The nineteenth century had Phineas Gage, the hapless railway worker who survived (supposedly sans original personality) an accident in which a metal spike drove through his skull. Today, we have Mihir Kumar, a six-year-old boy, who reportedly survived after a metal pole fully pierced his torso. London's Daily Mail reports that after the child's lucky, unlucky fall from a roof in Ranchi, India, doctors at the Rajendra Institute of Medical Sciences in nearby Bariatu successfully removed the rod earlier today.
"Could it have been safely removed and have a surviving child? It's possible," says Jeremy Aidlen, assistant professor of surgery and pediatrics at Brown University's Warren Alpert Medical School in Providence, R.I.
The pole appears to have penetrated the area of the kidneys, liver and the upper gastrointestinal tract, says Aidlen after examining the photo. The photo reveals a suspicious lack of blood, but he says this might be because the pole itself had staunched the internal bleeding. To remove it successfully, he says, physicians would have to control the major vessels that supply blood to the impacted area, repair any damage it caused to organs and control subsequent bleeding.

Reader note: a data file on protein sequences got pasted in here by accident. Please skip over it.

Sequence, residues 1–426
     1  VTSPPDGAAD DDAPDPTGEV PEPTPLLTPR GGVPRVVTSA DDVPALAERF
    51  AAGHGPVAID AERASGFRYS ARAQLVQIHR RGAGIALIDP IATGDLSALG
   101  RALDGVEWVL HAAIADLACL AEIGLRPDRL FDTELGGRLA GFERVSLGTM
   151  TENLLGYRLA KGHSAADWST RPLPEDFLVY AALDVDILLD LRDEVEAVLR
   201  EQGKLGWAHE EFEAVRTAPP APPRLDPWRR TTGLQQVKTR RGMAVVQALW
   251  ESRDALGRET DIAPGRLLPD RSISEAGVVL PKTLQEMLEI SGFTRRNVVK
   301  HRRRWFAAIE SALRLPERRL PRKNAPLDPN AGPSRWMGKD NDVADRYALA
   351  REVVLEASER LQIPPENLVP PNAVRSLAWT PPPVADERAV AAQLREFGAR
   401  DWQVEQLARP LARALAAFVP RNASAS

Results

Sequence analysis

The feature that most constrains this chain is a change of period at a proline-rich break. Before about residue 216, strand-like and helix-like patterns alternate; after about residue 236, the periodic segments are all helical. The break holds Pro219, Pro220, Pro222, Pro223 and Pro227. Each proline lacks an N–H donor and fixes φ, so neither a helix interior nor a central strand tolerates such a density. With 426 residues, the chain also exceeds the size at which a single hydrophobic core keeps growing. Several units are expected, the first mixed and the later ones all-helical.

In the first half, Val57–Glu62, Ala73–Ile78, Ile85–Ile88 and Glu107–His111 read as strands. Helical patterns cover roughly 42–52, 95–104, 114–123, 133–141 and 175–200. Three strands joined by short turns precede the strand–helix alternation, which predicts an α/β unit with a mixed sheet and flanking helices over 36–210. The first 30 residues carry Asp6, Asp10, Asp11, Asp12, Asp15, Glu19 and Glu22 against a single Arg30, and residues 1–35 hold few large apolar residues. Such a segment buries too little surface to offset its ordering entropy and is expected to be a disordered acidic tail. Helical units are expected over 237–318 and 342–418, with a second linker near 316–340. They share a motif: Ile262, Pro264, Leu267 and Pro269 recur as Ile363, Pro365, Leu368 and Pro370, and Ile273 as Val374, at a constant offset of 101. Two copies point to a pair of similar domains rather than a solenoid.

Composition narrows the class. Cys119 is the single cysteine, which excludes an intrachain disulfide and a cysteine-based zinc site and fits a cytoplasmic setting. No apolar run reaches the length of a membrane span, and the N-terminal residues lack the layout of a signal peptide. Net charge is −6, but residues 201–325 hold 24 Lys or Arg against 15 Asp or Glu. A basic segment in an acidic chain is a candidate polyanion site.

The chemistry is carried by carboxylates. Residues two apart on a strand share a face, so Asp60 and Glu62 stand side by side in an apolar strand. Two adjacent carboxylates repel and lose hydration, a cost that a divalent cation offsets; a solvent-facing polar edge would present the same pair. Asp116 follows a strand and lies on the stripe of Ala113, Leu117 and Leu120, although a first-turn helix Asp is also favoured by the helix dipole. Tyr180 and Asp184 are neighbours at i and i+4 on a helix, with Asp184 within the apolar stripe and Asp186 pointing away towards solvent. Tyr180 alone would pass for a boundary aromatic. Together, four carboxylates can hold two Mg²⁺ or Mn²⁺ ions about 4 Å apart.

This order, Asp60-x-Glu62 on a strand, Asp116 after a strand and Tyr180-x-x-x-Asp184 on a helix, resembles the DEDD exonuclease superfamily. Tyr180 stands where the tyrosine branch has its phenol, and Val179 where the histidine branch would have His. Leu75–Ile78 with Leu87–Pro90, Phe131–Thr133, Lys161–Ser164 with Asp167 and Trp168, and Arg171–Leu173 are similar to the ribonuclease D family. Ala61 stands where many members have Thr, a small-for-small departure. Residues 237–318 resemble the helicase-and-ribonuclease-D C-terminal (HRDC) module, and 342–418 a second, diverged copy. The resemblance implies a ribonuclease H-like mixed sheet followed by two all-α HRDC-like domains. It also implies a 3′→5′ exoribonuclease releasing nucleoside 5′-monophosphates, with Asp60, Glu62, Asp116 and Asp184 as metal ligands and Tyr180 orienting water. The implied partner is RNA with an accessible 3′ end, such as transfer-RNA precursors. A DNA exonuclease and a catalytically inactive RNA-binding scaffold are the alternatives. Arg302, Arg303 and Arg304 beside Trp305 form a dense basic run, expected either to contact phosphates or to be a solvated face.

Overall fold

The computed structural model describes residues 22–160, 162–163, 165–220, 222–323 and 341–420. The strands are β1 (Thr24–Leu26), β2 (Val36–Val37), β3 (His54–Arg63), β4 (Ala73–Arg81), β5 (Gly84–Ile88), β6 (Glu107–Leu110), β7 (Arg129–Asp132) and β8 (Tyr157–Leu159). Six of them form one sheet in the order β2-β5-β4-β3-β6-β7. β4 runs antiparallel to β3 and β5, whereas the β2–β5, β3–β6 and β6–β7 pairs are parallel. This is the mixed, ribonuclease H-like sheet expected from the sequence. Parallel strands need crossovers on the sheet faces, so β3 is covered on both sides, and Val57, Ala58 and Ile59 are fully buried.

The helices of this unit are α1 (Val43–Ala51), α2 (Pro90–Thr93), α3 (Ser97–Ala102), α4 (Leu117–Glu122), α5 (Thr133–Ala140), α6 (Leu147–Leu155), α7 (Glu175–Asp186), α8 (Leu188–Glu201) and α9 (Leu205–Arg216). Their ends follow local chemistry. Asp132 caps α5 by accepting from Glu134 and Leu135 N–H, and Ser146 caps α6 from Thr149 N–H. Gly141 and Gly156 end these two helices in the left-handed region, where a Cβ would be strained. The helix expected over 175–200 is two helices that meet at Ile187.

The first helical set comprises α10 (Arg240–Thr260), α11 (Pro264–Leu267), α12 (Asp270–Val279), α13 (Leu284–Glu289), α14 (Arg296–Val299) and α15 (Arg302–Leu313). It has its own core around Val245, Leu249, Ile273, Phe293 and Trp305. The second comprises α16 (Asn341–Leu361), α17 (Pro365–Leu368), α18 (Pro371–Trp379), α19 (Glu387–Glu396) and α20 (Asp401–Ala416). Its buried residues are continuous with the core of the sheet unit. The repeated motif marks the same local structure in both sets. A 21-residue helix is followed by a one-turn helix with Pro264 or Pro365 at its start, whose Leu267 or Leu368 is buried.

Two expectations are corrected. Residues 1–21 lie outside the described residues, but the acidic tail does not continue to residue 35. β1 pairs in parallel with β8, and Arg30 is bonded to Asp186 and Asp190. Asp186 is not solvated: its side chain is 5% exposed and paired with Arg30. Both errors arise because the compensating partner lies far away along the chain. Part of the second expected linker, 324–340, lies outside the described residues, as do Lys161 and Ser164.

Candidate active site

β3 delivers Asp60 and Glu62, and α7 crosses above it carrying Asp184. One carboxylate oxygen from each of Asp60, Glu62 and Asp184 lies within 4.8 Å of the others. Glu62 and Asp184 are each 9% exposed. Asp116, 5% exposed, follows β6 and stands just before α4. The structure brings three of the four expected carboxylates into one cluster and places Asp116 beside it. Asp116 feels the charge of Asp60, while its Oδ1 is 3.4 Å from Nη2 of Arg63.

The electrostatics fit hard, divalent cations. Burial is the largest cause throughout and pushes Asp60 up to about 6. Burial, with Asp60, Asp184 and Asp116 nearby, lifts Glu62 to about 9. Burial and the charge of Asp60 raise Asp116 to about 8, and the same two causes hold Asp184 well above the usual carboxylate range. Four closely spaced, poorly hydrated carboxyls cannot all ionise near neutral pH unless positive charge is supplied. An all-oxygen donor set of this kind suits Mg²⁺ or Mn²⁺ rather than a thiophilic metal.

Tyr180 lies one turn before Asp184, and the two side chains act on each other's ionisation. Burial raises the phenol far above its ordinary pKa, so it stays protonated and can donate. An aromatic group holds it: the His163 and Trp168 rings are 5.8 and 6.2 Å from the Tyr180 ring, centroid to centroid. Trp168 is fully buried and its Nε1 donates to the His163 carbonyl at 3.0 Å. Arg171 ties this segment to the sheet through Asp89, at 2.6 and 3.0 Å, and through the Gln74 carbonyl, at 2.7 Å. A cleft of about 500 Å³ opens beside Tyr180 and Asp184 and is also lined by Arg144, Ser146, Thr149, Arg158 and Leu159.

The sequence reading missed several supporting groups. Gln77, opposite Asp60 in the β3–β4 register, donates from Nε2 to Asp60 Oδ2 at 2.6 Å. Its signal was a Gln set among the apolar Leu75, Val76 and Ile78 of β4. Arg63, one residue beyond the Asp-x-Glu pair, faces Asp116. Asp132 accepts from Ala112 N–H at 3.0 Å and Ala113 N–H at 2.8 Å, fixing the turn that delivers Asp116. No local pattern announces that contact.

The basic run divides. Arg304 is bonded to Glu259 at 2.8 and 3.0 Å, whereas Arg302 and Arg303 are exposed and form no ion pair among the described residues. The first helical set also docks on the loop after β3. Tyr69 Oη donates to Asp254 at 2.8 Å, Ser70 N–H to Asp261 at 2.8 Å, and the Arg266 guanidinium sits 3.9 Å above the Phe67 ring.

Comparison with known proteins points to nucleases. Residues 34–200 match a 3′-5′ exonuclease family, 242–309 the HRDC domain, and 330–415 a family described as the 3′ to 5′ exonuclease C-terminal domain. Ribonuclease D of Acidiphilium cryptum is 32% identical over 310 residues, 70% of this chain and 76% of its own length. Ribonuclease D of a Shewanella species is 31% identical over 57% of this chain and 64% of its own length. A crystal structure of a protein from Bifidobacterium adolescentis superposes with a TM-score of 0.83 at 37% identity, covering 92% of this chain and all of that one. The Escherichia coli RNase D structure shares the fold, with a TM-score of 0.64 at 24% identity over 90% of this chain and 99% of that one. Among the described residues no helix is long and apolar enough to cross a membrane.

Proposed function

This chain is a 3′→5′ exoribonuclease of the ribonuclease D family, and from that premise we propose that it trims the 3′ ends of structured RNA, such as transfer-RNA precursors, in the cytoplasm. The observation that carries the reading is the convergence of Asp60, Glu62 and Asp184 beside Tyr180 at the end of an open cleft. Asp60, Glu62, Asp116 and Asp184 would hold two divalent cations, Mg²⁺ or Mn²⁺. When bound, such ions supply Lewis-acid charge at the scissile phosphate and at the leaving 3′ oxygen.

He says the operation wouldn't be any easier on a small kid than on an adult, but that "a child would have much more physiological reserve to recover from such a devastating and traumatic injury."
Aidlen isn't familiar with any similar cases, aside from old Phineas Gage, though such a case was featured on the television drama Grey's Anatomy. Other than the buttocks, Aidlen says, the least dangerous place to sustain such a dramatically dangerous injury would be "one side of the chest or the other – but certainly not both."
Map of the state of Jharkhand, India (where Ranchi is the capital) courtesy of Haros via Wikimedia Commons